It is said that when the anger of the Muslims towards 'Uthman became severe, Usama sought the permission of Imam Ali (a) to leave Medina so that he would not be instigated in Uthman's murder, as he predicted that he would be killed.[29]

During the Government of Imam Ali (a)

When Imam Ali (a) became the caliph, Usama was amongst a group of companions which included Sa'd b. Abi Waqqas, Abd Allah b. Umar, Muhammad b. Muslama and others who abstained from giving the oath of allegiance to the Imam (a).[30] Imam Ali (a) mentioned this act of abstention of Usama in one of his sermons,[31] and even though 'Ammar b. Yasir insisted that the Imam get their oath of allegiance, the Imam (a) left them to be.[32]

Refraining from Participating in the Battle of Jamal

According to historical reports, when Imam Ali (a) departed for the Battle of Jamal, Usama refused to join his ranks as he had made a promise not to strike a person who pronounces the testimony of "There is no god except Allah".[33] It has also been mentioned that he warned Imam (a) not to be hasty in beginning a battle.[34] Considering the above, Usama still showed himself to be one of the friends and followers of Imam Ali (a) and only refrained from participating in battles.[35]

The influence of Usama in the era after Imam Ali (a) until his death is not very clear, the only records that are available are one or two debates that he had with Mu'awiya.


There is a difference of opinion on the exact date of Usama's death. Some believe it to be towards the end of Mu'awiya's caliphate (58/677 or 59/678).[36] However, if it is said that he was 60 years old when he passed away[37] and that he was born in approximately the fourth year of the prophetic mission, his death would be closer to 51/671. Ibn Abd al-Barr believes that 54/674 is the more appropriate date of his death.

It has been narrated from Imam al-Baqir (a) that Imam al-Hasan (a) shrouded Usama.[38]

Theological Discussion

The Army of Usama

Main article: Army of Usama

The army of Usama was first attributed and discussed in theological sources. The point of discussion in this specific subject revolves around the presence of Abu Bakr, 'Umar and other senior companions in an army that was, by order of the Prophet (s), commanded by Usama and whose quick deployment was extremely stressed upon. It is because of this that varying theological groups within this discussion made mention of Usama. Jahiz, for example, who was a Mu'tazili scholar, used this commandership to prove his superiority and distinction,[39] especially in his sympathetic attitude towards the caliphs after the Prophet (s) was stressed upon.[40] Additionally, in the discussion of the leadership of an inferior in the presence a superior, they point to the leadership of Usama and the subject of his army.[41]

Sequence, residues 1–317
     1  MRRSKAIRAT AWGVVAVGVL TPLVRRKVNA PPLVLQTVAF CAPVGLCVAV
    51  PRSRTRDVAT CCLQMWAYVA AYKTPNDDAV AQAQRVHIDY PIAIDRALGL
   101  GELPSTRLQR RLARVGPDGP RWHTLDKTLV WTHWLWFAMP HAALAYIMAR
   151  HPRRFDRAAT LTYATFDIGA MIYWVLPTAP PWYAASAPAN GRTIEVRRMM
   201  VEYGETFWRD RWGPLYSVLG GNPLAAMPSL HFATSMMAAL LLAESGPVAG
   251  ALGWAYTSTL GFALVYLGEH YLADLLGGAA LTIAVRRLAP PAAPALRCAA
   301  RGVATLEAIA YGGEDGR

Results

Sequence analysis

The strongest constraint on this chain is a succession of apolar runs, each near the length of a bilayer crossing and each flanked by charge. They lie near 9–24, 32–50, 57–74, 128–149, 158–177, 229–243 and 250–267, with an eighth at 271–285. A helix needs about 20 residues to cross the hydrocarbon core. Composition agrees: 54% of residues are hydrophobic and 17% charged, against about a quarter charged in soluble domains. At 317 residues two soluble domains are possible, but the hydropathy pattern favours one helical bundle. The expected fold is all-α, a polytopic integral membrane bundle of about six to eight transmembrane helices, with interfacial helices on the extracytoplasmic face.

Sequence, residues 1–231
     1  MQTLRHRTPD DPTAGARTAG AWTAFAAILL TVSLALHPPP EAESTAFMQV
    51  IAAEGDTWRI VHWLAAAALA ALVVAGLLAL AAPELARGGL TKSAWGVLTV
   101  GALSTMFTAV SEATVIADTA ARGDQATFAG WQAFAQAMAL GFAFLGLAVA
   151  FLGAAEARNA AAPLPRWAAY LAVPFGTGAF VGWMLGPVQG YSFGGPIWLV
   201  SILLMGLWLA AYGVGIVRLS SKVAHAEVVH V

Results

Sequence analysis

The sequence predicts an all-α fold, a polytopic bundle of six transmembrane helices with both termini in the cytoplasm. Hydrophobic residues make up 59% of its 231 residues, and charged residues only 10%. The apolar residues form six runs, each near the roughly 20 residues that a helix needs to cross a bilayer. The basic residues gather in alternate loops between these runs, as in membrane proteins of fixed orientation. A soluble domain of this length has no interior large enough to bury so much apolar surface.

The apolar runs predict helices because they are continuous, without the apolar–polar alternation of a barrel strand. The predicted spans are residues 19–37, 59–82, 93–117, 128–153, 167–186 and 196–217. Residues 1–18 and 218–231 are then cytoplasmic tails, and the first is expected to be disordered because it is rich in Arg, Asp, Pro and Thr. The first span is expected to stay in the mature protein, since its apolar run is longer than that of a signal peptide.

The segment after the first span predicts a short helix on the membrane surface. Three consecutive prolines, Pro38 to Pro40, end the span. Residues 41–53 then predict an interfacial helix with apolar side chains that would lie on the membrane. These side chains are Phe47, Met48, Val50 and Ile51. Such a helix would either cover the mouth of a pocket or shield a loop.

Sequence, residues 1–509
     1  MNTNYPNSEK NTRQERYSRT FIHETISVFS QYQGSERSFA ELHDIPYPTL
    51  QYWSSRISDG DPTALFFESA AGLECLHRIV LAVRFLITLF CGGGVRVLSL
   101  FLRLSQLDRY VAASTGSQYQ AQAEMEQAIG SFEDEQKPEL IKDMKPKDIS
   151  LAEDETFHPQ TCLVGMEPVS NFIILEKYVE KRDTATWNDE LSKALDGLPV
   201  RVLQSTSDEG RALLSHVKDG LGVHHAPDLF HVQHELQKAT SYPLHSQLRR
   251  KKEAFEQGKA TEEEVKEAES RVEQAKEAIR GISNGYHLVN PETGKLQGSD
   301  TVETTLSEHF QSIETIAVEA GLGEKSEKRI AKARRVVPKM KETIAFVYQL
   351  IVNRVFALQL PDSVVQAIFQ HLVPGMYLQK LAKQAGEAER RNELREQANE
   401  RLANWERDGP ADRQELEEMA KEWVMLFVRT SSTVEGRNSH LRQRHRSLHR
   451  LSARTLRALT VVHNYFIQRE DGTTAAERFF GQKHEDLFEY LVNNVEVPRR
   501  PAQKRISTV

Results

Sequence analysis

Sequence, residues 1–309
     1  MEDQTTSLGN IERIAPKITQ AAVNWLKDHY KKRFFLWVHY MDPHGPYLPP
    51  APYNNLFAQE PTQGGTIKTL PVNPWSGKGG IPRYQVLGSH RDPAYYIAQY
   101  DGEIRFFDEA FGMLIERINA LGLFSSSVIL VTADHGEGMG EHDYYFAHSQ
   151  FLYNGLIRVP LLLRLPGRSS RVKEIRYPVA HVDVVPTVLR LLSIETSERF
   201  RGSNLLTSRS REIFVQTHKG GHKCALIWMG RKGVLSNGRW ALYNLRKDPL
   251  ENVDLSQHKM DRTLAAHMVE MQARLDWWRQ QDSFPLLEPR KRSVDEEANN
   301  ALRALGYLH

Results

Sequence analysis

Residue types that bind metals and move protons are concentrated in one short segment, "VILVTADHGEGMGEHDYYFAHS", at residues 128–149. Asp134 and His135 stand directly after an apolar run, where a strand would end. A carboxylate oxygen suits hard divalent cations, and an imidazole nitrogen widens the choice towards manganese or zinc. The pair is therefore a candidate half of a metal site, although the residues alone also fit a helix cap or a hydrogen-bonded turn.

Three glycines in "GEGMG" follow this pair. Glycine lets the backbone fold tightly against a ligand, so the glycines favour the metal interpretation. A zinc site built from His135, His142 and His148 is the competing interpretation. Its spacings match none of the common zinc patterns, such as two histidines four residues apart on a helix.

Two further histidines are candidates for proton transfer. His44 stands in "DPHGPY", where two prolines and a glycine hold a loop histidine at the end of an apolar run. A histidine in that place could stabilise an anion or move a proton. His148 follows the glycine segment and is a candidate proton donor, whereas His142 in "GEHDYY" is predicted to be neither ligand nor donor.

However, the Imamiyya theologians did not take this act of noncompliance of Abu Bakr lightly.[42] They opened up a new topic on this matter and was even a subject of a research paper written by a 11th/17th century Shi'a scholar named Muhammad b. Hasan Shirawani titled "The Army of Usama."[43]

Abstaining from Giving the Oath of Allegiance to Imam Ali (a)

Some have said concerning the abstention of Usama and other companions in giving the oath of allegiance to Imam Ali (a) and failing to participate in the battles of that era, that they were countered amongst a specific group of companions.[44] Ahl al-Hadith praise Usama and those companions who chose to stay away from dissension and strife.[45] However, the Imamiyya and some Mu'tazili scholars severely criticize this behavior of Usama and the other companions.[46] With the presence of all this, in some of the hadith sources it has been narrated from the Imams (a) that Usama eventually changed his view and therefore he should only mentioned with goodness. It can also be seen in these very same sources that Imam Ali (a) accepted his excuse for not joining him in battle and instructed his governor of Medina to allocate a stipend for him.[47]

Usama and Imam al-Husayn (a)

When Usama fell ill, Imam al-Husayn (a) went to visit him. Usama said: 'O my grief!' Imam (a) asked him the reason of his grief. Usama said he was worried about a debt of sixty thousand dirhams that he had. Imam (a) said: 'I will pay off your debt,' which he did before the demise of Usama.[48]